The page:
Economic Analysis of a Short-Rotation Fiber Production System for Hybrid Poplar
The cost of producing and harvesting a ton of fiber was evaluated for three hybrid poplar clones planed on abandoned fields in central Pennsylvania. From unit weight yields and investments necessary for establishment, culture, and harvest, the lowest cost per ton in two rotations over a 7-year period was for clone NE-388 trees planted at 5.0 square feet per tree. Total tree utilization of stemwood, bark, and branches would yield 35.1 oven-dried tons at a cost of $8.24 per ton. Costs would be reduced if the plantations were fertilized.
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Document Type: Journal Article
Affiliations: Professor of Silviculture, School of Forest Resources, Pennsylvania State University
Publication date: 1976-11-01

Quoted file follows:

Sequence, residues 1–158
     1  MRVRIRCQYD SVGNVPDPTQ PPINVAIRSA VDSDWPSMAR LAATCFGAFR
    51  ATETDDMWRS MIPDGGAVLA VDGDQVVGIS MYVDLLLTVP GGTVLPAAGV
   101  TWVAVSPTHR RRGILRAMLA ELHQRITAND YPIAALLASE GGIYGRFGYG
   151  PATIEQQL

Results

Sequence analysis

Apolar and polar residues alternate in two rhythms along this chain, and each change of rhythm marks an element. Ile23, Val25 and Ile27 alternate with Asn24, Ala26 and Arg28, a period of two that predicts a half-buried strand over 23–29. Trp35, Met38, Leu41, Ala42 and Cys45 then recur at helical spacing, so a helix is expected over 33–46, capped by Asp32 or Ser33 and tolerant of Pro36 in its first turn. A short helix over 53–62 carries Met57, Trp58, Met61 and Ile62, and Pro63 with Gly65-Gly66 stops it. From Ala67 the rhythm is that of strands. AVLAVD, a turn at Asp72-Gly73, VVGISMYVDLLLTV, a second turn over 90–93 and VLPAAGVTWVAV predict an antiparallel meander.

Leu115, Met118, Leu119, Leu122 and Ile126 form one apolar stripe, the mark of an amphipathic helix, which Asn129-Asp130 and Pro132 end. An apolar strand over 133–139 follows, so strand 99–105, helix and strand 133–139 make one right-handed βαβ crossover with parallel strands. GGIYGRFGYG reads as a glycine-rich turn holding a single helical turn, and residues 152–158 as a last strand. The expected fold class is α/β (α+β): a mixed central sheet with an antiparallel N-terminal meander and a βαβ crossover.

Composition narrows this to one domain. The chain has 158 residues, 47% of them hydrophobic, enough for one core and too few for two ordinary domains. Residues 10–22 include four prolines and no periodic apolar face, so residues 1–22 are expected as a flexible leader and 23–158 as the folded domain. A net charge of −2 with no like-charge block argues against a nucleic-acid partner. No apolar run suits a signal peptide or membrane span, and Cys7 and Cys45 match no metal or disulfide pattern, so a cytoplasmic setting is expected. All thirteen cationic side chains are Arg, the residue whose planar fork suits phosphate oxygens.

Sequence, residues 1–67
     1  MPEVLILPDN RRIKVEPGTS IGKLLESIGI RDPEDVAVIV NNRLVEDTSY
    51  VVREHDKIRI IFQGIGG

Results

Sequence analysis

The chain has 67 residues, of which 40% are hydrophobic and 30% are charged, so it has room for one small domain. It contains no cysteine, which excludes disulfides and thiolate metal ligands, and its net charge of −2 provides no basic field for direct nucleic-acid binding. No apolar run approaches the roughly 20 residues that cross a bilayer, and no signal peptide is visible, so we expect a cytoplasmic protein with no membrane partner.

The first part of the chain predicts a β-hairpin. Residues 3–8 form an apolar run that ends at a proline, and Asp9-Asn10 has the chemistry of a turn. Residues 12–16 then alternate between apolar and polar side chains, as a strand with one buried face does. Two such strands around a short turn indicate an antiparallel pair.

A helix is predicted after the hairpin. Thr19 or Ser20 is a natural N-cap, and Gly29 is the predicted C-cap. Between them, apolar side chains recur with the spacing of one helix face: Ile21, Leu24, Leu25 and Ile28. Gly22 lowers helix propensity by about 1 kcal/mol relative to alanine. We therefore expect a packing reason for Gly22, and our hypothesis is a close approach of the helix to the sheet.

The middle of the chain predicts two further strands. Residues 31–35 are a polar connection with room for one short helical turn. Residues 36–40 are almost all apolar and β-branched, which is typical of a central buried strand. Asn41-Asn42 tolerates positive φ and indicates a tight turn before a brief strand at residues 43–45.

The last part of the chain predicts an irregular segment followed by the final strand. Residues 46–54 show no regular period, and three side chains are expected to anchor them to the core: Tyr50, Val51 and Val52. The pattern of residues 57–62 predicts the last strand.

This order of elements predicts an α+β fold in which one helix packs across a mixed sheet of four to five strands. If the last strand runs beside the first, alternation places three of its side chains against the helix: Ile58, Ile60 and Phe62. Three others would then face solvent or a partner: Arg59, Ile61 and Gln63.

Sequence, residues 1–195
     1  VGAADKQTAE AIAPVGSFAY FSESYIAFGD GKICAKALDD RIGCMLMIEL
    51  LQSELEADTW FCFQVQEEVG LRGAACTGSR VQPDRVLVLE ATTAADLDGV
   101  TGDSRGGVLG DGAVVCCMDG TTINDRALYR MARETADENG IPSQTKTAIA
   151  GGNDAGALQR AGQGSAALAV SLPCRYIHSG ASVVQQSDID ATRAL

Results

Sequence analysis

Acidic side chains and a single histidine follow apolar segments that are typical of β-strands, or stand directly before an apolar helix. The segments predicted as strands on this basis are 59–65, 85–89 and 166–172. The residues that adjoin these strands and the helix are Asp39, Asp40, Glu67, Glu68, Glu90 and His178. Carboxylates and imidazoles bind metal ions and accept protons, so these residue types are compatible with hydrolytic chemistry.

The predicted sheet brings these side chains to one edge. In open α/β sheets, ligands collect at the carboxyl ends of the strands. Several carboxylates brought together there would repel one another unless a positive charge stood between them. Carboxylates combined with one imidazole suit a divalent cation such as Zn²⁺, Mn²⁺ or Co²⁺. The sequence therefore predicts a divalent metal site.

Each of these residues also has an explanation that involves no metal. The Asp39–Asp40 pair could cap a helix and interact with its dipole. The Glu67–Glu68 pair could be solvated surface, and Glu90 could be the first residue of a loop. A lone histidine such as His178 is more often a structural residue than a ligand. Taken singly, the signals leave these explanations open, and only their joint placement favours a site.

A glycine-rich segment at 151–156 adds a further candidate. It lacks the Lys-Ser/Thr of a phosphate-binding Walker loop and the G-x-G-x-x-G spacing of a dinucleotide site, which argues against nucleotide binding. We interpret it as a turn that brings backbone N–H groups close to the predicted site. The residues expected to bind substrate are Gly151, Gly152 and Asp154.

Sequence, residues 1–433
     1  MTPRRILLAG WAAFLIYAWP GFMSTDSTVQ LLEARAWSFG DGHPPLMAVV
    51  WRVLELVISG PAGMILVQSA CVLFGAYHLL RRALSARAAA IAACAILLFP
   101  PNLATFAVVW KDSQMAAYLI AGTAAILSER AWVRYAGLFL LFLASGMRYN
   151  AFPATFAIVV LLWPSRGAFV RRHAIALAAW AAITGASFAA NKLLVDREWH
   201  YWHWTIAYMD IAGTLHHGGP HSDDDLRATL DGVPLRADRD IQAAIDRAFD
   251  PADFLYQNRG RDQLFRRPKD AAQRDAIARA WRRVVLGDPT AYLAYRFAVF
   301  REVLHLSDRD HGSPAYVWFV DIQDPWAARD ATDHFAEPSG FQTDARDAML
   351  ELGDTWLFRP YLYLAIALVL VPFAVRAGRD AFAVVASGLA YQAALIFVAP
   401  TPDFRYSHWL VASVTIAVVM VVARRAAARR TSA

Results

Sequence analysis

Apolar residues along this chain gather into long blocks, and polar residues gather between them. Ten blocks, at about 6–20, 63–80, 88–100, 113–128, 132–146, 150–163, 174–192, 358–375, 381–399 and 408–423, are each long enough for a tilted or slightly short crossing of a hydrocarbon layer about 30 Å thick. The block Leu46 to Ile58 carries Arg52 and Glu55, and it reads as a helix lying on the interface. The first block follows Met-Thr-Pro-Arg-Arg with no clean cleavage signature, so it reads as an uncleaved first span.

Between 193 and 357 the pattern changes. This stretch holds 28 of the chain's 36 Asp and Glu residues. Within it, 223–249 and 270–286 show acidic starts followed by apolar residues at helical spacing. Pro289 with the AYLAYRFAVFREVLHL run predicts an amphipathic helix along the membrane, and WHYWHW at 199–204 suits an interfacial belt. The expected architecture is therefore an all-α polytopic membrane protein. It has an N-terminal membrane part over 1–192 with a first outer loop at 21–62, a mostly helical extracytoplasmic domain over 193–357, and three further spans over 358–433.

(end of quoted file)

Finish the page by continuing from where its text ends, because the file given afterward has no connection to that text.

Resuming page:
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The Journal of Forestry is the most widely circulated scholarly forestry journal in the world. In print since 1902, the Journal has received several national awards for excellence. The mission of the Journal of Forestry is to advance the profession of forestry by keeping forest management professionals informed about significant developments and ideas in the many facets of forestry: economics, education and communication, entomology and pathology, fire, forest ecology, geospatial technologies, history, international forestry, measurements, policy, recreation, silviculture, social sciences, soils and hydrology, urban and community forestry, utilization and engineering, and wildlife management. The Journal is published bimonthly: January, March, May, July, September, and November.
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